Friday, March 18, 2011


Apart from grabbing and keeping the audience’s attention, one of the best things the Music Outside the Box library offers, from a producer or director’s perspective, is inspiration. Everybody claims they want to do “something different,” but few seem to actually manage it. MOTB is the chance to really do it.

If you’re going to do something different, then it stands to reason you should start with something different, and MOTB is just the thing. These tracks push the mind in completely different directions than it’s used to going. Different kinds of ideas and visuals will spring to mind, and these will be the inspiration for a whole new direction.

This is because these composers have leaped out of the familiar and into unexplored territory. They have committed to this path and have decided not to be concerned whether or not popular approval awaits.

This is the fearlessness we’ve written about in previous blogs, and it is the basis of trying something new. They have taken the first step into the great unknown, and invite you to push it further with equally creative visuals.

Be inspired, and let MOTB lead the way:

- Dave

Tuesday, March 1, 2011

Catch ‘em & Keep ‘em

Initial audience response to many of the tracks in the Music Outside the Box library is often, “What the…?” This is to be expected, and even desired. Now you have their attention. There’s always a danger that “normal” music will be tuned out by the listener, but MOTB is hard to ignore.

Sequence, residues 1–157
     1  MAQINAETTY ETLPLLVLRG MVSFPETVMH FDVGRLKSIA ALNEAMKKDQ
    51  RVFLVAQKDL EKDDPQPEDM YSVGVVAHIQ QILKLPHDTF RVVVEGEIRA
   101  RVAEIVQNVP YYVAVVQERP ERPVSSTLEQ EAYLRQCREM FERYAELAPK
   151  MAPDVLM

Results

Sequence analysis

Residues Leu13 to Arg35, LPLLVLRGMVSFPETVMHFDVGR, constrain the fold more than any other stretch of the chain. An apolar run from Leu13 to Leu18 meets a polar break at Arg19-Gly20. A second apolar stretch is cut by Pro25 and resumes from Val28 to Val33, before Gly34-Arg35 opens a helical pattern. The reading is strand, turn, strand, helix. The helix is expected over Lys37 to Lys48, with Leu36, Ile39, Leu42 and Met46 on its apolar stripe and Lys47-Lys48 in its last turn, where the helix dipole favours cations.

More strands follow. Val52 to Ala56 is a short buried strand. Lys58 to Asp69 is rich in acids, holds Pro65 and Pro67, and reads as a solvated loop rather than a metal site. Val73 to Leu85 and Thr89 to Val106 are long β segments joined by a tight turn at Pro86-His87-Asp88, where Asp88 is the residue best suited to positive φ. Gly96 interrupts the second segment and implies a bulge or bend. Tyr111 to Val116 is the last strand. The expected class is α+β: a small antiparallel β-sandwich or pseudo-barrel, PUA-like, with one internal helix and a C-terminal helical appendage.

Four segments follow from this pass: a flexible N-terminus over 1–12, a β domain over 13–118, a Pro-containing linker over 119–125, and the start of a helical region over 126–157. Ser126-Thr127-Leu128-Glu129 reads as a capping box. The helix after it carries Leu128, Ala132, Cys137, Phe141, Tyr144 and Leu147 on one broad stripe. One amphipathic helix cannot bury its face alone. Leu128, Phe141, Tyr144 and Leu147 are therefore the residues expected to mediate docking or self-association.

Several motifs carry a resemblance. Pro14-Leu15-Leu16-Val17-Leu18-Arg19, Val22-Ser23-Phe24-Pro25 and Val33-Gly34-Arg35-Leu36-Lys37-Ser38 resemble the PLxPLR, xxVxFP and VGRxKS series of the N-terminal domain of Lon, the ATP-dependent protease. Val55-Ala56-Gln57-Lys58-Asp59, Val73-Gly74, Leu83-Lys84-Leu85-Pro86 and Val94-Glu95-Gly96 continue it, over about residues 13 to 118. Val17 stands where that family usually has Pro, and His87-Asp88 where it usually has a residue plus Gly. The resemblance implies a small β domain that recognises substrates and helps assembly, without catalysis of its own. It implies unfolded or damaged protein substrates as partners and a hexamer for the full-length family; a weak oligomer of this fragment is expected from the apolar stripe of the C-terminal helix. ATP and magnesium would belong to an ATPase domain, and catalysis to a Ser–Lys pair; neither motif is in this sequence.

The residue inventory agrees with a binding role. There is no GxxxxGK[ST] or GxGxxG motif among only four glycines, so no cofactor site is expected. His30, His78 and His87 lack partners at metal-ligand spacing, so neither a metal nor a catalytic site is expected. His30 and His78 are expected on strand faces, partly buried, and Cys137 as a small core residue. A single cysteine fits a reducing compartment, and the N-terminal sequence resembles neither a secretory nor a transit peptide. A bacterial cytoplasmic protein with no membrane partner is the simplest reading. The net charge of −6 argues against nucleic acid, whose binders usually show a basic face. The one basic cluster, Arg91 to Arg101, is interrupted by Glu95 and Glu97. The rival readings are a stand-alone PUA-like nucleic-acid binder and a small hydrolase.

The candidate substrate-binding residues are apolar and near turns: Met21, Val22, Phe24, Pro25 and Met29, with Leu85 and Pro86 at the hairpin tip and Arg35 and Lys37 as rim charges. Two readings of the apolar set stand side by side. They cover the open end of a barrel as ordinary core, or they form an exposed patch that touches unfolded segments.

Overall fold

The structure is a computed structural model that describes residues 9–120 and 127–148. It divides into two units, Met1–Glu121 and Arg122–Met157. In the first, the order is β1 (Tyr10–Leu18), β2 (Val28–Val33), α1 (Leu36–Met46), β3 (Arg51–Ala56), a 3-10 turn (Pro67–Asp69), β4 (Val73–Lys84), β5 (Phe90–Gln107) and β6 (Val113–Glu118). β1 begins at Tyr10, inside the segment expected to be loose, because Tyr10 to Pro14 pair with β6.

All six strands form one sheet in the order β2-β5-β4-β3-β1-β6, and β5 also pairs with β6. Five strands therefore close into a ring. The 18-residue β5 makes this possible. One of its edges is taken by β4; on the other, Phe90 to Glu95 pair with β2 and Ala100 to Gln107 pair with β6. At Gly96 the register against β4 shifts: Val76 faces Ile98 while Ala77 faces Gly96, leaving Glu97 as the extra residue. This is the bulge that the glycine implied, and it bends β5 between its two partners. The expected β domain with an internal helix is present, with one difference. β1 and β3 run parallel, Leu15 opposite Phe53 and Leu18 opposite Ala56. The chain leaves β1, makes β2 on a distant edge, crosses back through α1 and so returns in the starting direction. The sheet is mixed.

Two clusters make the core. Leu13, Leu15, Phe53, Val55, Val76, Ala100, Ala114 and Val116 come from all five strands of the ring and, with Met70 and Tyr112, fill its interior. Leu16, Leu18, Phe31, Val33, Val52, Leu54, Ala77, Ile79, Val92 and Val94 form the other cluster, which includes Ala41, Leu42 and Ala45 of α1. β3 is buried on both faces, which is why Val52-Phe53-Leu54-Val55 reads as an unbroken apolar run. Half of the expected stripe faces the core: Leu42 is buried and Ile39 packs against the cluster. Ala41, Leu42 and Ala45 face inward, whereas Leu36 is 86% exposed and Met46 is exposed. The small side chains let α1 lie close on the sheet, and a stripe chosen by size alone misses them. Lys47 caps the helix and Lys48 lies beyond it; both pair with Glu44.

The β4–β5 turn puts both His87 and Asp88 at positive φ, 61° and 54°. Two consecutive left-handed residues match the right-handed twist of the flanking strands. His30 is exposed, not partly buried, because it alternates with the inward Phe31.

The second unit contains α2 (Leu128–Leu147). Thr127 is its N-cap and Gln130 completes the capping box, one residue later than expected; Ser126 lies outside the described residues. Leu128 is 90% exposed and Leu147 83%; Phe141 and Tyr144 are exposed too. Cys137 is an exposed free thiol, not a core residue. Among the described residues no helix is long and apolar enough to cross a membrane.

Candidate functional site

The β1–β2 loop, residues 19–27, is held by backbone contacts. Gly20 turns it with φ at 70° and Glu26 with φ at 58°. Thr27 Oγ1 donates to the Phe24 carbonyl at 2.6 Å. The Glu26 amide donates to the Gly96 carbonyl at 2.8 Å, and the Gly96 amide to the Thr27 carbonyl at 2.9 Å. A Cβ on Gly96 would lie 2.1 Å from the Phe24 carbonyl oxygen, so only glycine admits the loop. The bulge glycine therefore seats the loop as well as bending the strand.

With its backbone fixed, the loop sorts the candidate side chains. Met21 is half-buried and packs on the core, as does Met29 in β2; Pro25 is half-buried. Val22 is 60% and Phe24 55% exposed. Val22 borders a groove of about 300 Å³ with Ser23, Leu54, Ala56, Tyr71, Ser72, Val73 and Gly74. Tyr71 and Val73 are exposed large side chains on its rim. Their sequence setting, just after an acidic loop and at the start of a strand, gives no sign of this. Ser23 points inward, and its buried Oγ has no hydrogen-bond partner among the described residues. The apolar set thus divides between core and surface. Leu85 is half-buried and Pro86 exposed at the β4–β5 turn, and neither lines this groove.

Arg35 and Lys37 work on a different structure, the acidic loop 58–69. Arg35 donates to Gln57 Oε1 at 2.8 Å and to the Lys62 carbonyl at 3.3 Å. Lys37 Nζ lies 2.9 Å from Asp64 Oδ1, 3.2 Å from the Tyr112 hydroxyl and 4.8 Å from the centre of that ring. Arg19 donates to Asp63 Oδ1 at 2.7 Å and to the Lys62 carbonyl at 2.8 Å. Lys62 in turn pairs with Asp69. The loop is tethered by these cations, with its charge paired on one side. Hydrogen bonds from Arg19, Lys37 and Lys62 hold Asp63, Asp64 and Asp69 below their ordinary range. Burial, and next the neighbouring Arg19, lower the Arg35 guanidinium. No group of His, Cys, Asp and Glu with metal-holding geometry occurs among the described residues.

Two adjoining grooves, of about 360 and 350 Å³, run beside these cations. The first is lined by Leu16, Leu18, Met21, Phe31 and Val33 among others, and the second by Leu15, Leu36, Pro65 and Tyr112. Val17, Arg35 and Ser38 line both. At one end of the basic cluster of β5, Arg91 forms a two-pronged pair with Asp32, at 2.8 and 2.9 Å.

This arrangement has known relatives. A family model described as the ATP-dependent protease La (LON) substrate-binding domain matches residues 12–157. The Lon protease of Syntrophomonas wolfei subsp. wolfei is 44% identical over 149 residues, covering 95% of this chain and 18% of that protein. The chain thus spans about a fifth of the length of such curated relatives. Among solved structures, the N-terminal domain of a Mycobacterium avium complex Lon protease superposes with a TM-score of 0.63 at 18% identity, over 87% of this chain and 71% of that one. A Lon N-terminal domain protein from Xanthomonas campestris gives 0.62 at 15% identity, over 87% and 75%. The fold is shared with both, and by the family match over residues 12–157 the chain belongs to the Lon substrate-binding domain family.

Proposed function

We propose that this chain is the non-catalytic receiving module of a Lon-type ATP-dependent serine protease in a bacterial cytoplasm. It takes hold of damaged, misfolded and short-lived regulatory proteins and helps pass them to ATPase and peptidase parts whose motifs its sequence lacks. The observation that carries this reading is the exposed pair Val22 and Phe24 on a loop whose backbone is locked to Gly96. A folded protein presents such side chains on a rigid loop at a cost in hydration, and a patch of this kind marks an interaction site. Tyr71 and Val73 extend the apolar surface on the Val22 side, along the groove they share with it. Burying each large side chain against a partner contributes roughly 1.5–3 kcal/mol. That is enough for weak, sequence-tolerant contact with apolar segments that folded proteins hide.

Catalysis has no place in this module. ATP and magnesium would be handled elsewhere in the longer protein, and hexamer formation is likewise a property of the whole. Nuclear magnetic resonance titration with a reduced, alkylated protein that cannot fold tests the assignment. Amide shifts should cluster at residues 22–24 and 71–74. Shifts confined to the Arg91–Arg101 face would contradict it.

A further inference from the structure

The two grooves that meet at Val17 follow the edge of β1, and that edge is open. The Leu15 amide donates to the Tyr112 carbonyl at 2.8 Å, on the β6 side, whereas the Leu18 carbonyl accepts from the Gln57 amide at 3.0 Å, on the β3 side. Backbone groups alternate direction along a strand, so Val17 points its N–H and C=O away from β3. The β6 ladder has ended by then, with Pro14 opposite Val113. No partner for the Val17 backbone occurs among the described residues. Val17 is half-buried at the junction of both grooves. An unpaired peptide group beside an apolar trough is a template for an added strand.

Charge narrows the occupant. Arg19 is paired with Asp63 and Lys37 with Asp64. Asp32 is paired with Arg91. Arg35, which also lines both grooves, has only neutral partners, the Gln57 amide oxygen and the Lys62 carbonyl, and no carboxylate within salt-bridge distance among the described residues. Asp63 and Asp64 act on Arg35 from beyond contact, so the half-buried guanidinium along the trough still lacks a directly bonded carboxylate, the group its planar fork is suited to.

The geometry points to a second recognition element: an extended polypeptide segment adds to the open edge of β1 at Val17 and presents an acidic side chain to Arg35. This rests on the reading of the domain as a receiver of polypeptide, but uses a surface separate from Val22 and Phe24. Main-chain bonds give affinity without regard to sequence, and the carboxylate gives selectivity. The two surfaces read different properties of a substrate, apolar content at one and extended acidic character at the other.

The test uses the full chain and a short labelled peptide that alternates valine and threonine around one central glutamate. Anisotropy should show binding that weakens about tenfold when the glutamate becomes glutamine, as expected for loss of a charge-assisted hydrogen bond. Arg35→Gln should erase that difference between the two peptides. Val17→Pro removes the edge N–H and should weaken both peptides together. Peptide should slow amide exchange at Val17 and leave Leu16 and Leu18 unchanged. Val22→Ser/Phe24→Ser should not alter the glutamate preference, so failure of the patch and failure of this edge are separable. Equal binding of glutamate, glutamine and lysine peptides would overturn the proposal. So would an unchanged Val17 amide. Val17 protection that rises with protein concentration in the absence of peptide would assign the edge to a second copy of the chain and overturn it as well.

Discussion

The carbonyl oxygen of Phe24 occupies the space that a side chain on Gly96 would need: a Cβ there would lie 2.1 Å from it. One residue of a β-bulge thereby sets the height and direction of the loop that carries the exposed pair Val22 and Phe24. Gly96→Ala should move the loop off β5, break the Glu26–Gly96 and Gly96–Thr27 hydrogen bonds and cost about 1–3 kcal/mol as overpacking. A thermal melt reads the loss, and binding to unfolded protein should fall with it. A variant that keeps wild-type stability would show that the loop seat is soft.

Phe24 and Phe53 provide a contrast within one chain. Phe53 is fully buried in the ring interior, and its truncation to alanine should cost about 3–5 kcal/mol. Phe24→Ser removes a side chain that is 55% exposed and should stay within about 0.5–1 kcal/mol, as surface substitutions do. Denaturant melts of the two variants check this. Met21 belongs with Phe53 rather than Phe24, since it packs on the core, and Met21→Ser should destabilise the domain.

It’s true that these aren’t works the vast majority of people would put in regular listening rotation, but when you marry them to video you find a whole different response. Filmmakers have known this almost as long as there has been film, and if you listen to the soundtracks of many of the most famous films, you realize that this is the music driving it. That’s because it works really well.

Why is this? Perhaps, since the mind is engaged in visual stimulation, it is more open to something that inspires feeling, rather than needing something out of which it can make logical sense. Perhaps, since the senses are already engaged in something that’s larger than life, a complimentary experience of audio that’s “outside the norm” works particularly well. Both may be true. But the bottom line is that the brain tends to tune out the overly familiar, so if you want to catch and keep the audience’s attention, you must present something different than they’re used to seeing and hearing all the time.

While many things can be said about the Music Outside the Box library, accusing it of being “overly familiar” is certainly not one of them. These composers have pushed the boundaries of music in every conceivable direction. Some of them have even pushed the definition of music itself. But all have presented an auditory experience that will make the listener pay attention and realize something interesting is going on. This is a dream come true for the creative filmmaker.

Hear it now at MusicOutsideTheBox

- Dave Hab